G train at Hangzhou
Travel Date April 2012.
Click on any picture to see a large version.
Click on any picture to see a large version.
I have always enjoyed train travel. I grew up travelling on country trains in New South Wales in the '50s and '60s. Sadly, the Australian rural train system is slowly disappearing, as I mention here in my rarely up-dated Australian blog: Sentimental Journey - a Lost Railway
On my overseas travels whenever time and funds permit I choose to travel inter-city by train. Consequently, over the past decade I have travelled by rail on America's AMTRAK, from London to Oxford and Ipswich in the UK, the Eurostar from London to Paris, a couple of TGVs in France and on several inter-city trains in Switzerland, Italy, Croatia, Bosnia and Herzegovina, Portugal, Spain and Morocco.
When planning my trip to China I spent hours browsing through these web-sites studying their system and learning how to buy tickets, which routes worked best for my itinerary and comparing times to air routes.
Each is useful in slightly different ways; I used them all for planning. China Train Tickets includes a marvellous map which shows the vast extent of the Chinese active train system:
The system in China is massive. Unlike much of the rest of the world they are expanding their system, not letting it decay. There have been some teething troubles with the speed of growth of the high-speed-rail system, but the results have been spectacular in the past couple of decades.
Click on China Train Tickets to also see an explanation of the different speeds and types designated by G, D, K and other letters.
|G train on-board speed indicator|
I found that in almost every case trains were faster and much more convenient than air. In two cases air would have been faster: Suzhou to Beijing (5 hours by G train) and Beijing to Xi'An (7 hours plus connections by G and D trains via Zhengzhou). I considered the night train from Beijing to Xi'An but decided against it because of the difficulty of obtaining a two-person sleeper. My wife prefers privacy.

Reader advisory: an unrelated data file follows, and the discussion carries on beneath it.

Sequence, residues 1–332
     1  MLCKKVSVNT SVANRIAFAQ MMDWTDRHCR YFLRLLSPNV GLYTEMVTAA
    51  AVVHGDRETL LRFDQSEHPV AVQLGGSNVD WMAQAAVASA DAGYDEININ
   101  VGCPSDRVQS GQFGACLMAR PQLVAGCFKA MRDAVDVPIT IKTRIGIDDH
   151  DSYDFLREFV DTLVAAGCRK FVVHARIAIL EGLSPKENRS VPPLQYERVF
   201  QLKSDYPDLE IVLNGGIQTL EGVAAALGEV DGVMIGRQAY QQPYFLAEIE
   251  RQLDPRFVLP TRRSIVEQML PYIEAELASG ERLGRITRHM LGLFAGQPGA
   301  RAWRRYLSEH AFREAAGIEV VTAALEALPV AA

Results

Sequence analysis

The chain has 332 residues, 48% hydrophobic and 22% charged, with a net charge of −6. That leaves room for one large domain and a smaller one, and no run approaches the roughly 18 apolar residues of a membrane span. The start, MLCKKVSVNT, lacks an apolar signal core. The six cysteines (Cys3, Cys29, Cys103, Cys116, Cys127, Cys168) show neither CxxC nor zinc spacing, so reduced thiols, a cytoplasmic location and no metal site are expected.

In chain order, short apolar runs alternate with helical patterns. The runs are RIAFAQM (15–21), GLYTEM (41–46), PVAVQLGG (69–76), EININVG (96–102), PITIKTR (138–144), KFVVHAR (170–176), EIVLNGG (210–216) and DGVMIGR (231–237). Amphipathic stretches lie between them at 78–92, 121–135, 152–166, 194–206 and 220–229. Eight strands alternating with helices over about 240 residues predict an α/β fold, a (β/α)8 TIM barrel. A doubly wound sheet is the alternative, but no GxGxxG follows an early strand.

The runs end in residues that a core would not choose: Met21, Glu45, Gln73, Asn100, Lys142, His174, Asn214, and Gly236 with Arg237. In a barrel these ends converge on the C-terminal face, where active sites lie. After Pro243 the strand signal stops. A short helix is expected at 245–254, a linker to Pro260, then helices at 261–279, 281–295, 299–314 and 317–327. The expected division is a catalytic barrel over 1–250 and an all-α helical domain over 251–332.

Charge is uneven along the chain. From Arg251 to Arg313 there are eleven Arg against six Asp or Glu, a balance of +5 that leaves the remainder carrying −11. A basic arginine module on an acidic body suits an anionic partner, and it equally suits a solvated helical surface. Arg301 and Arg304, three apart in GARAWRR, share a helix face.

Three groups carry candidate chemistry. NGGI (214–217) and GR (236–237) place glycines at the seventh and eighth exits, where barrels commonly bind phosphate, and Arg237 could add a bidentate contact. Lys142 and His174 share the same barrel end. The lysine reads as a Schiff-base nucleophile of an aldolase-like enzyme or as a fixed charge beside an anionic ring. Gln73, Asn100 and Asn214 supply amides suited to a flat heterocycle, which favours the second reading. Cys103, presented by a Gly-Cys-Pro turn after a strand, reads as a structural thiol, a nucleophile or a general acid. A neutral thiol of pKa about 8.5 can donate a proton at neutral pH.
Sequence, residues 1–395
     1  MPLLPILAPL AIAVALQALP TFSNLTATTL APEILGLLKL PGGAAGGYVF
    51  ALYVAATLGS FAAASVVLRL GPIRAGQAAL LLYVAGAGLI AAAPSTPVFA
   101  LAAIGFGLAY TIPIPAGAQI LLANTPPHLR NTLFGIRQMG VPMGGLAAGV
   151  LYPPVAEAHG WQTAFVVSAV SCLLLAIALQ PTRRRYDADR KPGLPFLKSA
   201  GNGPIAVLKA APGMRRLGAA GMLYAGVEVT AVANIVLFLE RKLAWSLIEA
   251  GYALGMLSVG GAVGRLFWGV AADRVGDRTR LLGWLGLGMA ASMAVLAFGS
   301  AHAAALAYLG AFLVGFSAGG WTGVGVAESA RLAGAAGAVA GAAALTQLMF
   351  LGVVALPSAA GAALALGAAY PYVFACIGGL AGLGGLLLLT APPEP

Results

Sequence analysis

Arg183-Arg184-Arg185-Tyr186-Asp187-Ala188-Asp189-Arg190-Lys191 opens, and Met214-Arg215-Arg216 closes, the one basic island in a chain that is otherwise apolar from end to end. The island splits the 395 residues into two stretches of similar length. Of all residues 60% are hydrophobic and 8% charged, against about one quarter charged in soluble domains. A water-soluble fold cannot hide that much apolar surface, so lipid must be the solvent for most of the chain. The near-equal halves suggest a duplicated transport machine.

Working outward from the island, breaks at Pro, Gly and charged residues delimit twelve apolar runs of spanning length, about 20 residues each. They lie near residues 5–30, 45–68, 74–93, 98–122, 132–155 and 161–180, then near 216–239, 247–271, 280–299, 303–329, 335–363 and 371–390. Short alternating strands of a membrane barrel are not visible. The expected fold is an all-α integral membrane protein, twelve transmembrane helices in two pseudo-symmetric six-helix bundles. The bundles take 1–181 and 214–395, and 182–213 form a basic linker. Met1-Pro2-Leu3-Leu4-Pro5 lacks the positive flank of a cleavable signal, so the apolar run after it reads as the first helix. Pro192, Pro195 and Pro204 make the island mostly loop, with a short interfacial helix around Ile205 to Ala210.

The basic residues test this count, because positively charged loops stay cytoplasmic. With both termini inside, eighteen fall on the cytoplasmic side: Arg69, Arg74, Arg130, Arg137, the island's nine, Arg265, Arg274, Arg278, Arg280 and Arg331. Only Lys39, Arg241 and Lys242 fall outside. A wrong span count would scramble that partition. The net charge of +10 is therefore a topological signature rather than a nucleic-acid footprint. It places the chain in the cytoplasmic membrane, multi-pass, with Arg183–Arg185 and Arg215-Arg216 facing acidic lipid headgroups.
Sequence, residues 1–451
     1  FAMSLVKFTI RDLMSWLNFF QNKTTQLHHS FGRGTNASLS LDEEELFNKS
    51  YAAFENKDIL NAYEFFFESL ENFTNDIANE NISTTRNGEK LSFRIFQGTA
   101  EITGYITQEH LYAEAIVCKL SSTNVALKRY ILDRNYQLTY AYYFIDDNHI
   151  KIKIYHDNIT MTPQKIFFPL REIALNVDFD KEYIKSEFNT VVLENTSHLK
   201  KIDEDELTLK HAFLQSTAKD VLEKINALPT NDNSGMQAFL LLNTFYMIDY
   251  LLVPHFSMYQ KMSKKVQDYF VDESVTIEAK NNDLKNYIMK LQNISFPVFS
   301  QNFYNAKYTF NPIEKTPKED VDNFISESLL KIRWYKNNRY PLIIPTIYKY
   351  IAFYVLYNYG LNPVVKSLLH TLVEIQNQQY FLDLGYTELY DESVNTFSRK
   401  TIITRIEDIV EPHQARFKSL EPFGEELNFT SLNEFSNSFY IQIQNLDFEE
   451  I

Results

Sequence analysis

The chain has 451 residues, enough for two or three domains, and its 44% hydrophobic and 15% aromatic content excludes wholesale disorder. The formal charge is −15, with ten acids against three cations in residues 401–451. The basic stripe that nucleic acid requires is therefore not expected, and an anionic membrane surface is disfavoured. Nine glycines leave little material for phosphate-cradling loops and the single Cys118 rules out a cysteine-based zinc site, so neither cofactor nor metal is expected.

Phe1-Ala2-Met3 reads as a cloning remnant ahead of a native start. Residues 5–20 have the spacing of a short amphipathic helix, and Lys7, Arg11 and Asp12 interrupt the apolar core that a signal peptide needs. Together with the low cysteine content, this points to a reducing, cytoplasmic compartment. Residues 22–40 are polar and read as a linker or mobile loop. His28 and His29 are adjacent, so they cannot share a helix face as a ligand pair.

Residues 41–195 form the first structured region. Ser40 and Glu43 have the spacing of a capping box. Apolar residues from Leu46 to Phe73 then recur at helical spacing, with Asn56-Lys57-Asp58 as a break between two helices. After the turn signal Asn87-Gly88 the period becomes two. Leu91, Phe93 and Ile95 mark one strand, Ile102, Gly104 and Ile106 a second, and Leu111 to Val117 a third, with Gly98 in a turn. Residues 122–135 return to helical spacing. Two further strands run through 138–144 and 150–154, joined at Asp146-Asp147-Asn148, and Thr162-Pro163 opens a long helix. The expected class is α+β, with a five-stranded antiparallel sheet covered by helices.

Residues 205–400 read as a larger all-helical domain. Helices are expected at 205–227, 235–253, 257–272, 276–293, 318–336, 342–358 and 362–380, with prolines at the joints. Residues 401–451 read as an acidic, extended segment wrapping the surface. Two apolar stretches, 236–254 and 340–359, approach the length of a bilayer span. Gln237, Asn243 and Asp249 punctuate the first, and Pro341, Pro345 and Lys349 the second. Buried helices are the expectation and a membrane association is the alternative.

|K train 'Welcome Aboard' at Shanghai|
|K Train Soft Sleeper Car|
|K train 4-person compartment Soft Sleeper Berths|
|K train six-person Hard Sleeper car.|
I still chose the train for both routes. By the time I factored in airport security and cabs to and from distant airports at both ends compared to a short ride to Suzhou North and even shorter on arrival in Beijing South, the time and money saving for Suzhou - Beijing was minimal. I paid first class on the G train, which was almost the same as economy air-fare. The saving in frustration and airport hassles was well worth it. For the Beijing – Xi'An section there is now a high speed 5 1/2 hour G train direct, but not then. Instead we decided to break the journey in Zhengzhou for a couple of nights to see a non-tourist Chinese city. I'm glad we did.
|K train end-of-car amenities.|
We only used air twice in China for our internal travel. The various G, K and T train combinations would have taken too long from Xi'An to Guilin. We tried to book the T101 sleeper from Hong Kong to Shanghai, but could not get tickets. Instead I booked air using ctrip from Hong to Hangzhou and took the G train from there to Shanghai.